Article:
asthmaA simple spit test could identify thousands of children with severe asthma who are taking medication which will never help them, according to new research.

One in seven people will not respond to the most commonly used medication,  salmeterol, and a study of 62 children by Brighton & Sussex Medical School has shown that unrespondent patients could be identified and given effective treatment.

Salmeterol, which is found in Seretide and Servent inhalers, is used to relax the airways in the lungs. It is taken by children who cannot control their asthma just with a blue inhaler, which is given to all children when they are diagnosed with asthma.

Prof Somnath Mukhopadhyay who lead the research said: "For almost every clinical outcome we were looking at we found that salmeterol either wasn't working or was working very poorly. We've shown for the first time that personalised medicine can work in the field of childhood asthma."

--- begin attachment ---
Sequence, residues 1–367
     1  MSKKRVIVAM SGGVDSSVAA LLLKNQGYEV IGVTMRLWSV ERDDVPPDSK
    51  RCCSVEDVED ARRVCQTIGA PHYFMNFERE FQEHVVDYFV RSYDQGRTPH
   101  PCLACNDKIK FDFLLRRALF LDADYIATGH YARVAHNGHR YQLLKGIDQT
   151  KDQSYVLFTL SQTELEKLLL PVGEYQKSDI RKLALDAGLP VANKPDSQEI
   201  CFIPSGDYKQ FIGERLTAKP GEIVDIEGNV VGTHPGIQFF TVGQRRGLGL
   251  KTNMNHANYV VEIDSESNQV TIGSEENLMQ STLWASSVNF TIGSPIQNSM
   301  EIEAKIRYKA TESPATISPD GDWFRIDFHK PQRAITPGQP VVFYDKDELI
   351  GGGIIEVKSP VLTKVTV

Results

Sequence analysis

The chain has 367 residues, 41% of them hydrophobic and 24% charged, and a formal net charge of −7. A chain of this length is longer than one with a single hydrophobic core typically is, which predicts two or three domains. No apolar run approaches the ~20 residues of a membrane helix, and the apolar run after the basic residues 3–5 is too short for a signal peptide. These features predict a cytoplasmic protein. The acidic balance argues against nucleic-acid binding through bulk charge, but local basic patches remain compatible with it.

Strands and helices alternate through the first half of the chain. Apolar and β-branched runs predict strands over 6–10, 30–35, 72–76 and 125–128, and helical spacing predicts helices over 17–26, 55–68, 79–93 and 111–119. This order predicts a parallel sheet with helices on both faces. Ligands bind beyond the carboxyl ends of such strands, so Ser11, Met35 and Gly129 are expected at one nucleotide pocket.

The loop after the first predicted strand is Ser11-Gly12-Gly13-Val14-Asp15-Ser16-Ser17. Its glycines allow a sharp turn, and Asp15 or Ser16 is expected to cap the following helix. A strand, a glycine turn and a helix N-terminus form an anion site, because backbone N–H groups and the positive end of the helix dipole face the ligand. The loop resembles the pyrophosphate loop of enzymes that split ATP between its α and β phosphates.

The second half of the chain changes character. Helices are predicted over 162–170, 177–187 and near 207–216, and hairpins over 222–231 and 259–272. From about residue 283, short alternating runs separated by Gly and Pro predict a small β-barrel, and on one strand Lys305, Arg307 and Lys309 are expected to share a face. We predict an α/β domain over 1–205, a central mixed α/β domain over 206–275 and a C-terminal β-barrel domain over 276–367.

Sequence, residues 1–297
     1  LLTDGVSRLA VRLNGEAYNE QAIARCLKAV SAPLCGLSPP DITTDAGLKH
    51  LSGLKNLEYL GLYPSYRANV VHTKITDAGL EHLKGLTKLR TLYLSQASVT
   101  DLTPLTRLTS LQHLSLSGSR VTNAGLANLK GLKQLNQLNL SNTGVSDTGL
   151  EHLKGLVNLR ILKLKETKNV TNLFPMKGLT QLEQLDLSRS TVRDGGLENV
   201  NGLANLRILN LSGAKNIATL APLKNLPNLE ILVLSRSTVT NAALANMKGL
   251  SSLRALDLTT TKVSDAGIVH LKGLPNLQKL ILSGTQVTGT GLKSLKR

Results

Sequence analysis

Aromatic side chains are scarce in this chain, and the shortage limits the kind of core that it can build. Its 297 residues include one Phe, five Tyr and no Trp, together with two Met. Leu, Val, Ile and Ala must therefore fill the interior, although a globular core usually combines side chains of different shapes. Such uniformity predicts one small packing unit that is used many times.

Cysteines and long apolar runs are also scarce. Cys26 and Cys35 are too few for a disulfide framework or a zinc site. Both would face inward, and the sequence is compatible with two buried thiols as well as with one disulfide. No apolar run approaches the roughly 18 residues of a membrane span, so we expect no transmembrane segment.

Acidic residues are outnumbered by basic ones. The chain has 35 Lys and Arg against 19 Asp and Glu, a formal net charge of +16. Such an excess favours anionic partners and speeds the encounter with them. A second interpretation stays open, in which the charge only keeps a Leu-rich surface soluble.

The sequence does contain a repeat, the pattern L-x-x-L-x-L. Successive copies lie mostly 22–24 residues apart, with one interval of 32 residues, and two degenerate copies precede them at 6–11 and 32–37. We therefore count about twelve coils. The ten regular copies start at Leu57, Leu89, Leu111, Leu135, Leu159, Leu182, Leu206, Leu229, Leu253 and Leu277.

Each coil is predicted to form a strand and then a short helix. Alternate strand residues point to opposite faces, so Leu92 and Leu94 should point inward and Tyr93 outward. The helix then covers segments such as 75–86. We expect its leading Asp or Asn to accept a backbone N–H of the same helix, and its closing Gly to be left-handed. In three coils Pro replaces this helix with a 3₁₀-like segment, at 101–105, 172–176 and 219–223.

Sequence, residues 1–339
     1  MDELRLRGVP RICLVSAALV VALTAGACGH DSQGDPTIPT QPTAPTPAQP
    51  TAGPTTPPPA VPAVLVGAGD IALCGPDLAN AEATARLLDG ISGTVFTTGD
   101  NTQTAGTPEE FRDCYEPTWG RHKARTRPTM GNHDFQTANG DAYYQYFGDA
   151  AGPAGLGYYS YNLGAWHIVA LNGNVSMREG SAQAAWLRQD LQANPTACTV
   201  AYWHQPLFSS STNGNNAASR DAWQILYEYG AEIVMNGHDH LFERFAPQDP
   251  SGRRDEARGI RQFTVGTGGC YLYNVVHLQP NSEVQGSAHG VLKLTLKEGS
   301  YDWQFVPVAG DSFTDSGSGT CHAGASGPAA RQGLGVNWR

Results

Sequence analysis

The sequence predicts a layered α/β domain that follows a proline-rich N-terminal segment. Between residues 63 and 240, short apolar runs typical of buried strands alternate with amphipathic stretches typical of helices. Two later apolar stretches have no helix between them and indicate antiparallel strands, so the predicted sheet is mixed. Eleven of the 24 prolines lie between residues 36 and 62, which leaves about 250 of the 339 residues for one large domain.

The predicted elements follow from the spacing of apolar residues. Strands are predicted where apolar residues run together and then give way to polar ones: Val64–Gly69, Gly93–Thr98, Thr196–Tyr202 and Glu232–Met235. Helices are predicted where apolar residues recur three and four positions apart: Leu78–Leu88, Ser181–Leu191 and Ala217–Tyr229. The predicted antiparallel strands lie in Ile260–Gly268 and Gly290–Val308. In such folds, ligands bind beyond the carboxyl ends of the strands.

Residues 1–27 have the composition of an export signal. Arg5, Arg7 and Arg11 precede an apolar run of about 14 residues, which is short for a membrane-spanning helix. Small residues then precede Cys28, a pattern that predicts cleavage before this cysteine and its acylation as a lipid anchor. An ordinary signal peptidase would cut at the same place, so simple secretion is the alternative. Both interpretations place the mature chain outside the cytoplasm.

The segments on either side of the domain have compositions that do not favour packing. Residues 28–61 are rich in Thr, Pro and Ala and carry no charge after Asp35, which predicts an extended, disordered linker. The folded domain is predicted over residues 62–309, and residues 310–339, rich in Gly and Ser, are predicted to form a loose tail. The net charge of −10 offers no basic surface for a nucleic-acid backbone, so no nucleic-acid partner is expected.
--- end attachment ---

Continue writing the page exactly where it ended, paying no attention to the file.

Researchers found that the reason why some children do not respond to salmeterol is hidden in their genetic code. The drug acts on beta-2 receptors in the airways, however, one in seven people have a genetic mutation resulting in their receptors being a slightly different shape, which the drug struggles to recognise.

DNA taken from a child's spit can be tested to reveal the shape of their beta-2 receptor and whether salmeterol will work. It is estimated that the test, which is not yet available for use in GPs surgeries, would cost about £15.

Prof Mukhopadhyay added: "It's a common disease affecting a million children in this country, a common medicine is probably not working in a significant proportion of the population. I think we need to get some guidance from lead charities and from the Department of Health."

The Department of Health welcomed the research and said looking at genes may one day be used to tailor treatments. However, a spokesperson said more work still needed to be done before that stage was reached.

The exact number of children who have the mutation and are taking the drug is unknown, but could be up to 15,000 in the UK.

Posted 09/01/2013 by richard.hook@pavpub.com